Netsafe’s latest research uncovers important insights about New Zealand parents’, caregivers’ and whānau perceptions of children’s experiences of online risk and harm. It’s the first report of its kind focused on children and their parents in New Zealand which adds to the Global Kids Online’s international body of work.
Research suggests that parents tend to underestimate their child’s engagement in risky and/or hurtful behaviours as well as their experiences of harm online. This is an important gap as parents play a critical role in helping their child to prevent or deal with bothering experiences and risky behaviours. They also provide children with emotional support when things go wrong online. Using the Global Kids Online survey, we set out to measure parental knowledge of children’s experiences of risks and harm online and to compare parents’ level of awareness with their child’s self-reported experiences.
The findings in this study will help to inform the development of interventions that not only target children but also provide parents, caregivers and whānau with appropriate resources and information to enhance the safety of their children’s online experiences. For example, Netsafe provides resources specifically developed for parents.
This work reflects Netsafe’s commitment to understanding how to maximise the digital opportunities available for New Zealand children while preventing the impact of online harm.
There is a mismatch between parents’, caregivers’ and whānau awareness and their children’s reports of bothering or upsetting experiences online. We found that 19 per cent of parents were aware their child had been bothered or upset by something online in the last 12 months whereas 25 per cent of children aged between 9-17 years said that this happened to them. While this result is consistent with existing research, it shows a smaller gap between parental awareness and children’s experiences in New Zealand compared to evidence collected elsewheres.
Parental awareness about the emotional impact such online experiences had on children was to a large extent, consistent with children’s reported experiences. Our results showed a high level of agreement between parents and children when they were asked about how upset or bothered the child was when something last happened to them online. This suggests that New Zealand parents are in tune with the impact that negative online experiences have on their children. It also reflects previous Netsafe findings about the role of parents being critical to children when they are dealing with upsetting online experiences.
Levels of parental awareness about the types of online risk that children encountered differed. We did not find significant differences in relation to children being treated or treating someone else in a hurtful, but some parents were unaware of their children meeting face-to-face someone they first met online. Similarly, parents, caregivers and whānau of adolescents aged 13-17 seem to significantly underestimate their children’s exposure to potentially harmful online content such as violent images, hate speech, and experiences of taking drugs.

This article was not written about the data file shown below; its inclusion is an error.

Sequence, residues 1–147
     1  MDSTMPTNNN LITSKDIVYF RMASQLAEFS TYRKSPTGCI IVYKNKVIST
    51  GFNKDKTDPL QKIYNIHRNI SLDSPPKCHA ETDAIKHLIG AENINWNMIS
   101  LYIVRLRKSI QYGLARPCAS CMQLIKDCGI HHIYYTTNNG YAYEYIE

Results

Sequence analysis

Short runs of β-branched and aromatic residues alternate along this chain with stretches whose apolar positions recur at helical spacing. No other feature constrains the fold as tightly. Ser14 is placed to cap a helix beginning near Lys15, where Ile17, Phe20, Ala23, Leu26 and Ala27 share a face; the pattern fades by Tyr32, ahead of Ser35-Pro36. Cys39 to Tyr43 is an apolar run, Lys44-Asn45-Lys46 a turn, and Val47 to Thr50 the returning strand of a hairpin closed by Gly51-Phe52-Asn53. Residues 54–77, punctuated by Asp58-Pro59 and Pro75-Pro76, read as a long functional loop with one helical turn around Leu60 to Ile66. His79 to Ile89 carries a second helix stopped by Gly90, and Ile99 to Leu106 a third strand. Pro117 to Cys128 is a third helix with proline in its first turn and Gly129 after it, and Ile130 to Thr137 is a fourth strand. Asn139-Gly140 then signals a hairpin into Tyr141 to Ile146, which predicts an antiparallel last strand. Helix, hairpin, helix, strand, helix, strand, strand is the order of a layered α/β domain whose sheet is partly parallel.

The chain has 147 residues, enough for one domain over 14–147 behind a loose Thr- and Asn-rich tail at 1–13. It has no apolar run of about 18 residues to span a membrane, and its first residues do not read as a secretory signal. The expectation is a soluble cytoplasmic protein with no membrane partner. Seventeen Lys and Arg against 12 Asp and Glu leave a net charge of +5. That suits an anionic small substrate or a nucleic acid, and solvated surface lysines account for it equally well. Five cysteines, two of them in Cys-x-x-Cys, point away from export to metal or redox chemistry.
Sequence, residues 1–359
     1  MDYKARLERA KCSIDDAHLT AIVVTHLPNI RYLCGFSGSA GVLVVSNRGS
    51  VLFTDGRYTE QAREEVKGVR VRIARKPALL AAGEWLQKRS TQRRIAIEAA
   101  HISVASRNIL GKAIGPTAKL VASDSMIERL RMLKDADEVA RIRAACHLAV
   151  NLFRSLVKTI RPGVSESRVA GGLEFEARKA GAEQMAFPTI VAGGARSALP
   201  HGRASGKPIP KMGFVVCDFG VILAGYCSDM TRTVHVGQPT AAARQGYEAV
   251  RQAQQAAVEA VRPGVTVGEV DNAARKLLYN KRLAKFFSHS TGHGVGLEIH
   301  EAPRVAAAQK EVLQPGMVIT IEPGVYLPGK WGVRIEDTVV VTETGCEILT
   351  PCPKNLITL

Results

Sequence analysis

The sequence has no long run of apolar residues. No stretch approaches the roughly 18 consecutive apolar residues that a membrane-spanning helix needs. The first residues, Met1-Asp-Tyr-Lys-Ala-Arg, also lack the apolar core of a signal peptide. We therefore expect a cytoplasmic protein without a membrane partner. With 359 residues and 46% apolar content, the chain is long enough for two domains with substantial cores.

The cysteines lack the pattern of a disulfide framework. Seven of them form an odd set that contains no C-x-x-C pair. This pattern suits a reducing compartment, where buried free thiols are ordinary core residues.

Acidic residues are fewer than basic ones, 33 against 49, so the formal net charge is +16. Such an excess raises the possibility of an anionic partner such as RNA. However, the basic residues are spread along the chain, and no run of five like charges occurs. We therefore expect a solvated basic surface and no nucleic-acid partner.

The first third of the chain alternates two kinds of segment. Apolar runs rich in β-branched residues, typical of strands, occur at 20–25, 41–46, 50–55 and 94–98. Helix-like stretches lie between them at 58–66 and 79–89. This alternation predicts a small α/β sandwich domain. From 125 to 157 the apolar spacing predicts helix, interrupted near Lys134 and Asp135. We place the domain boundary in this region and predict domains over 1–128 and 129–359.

9 in 10 New Zealand parents were (“definitely” or “fairly”) confident in their ability to help their child cope with things that bother them online. Nearly half of parents in our sample believed they definitely had the skills to help their child deal with risks and harm online. In contrast, only a quarter of them think their child has the ability to cope with bothering experiences on the internet on their own.
About Ngā taiohi matihiko o Aotearoa – New Zealand Kids Online
In the coming months, Netsafe will publish more findings from Ngā taiohi matihiko o Aotearoa – New Zealand Kids Online addressing parents’ mediation of their children’s online experiences. Learn more about this project.
Netsafe is an independent non-profit organisation with an unrelenting focus on online safety. We keep people safe online by providing free support, advice and education. Learn more about Netsafe and its work. To speak to Netsafe about its research programme or the New Zealand context contact us at firstname.lastname@example.org
Netsafe created the Online Safety Parent Toolkit to make it easier for parents and whānau to teach their kids how to access digital opportunities and reduce harm. The Toolkit is a practical seven-step framework designed to help parents overcome any perceived or real technology gap between what parents know and what their child knows – or thinks they know.
It explains the online challenges young people are likely to encounter, how to best support them and what whānau can do. There’s advice in English, Te Reo Māori, Simplified Chinese, Tongan and Samoan.
Post author: Neil Melhuish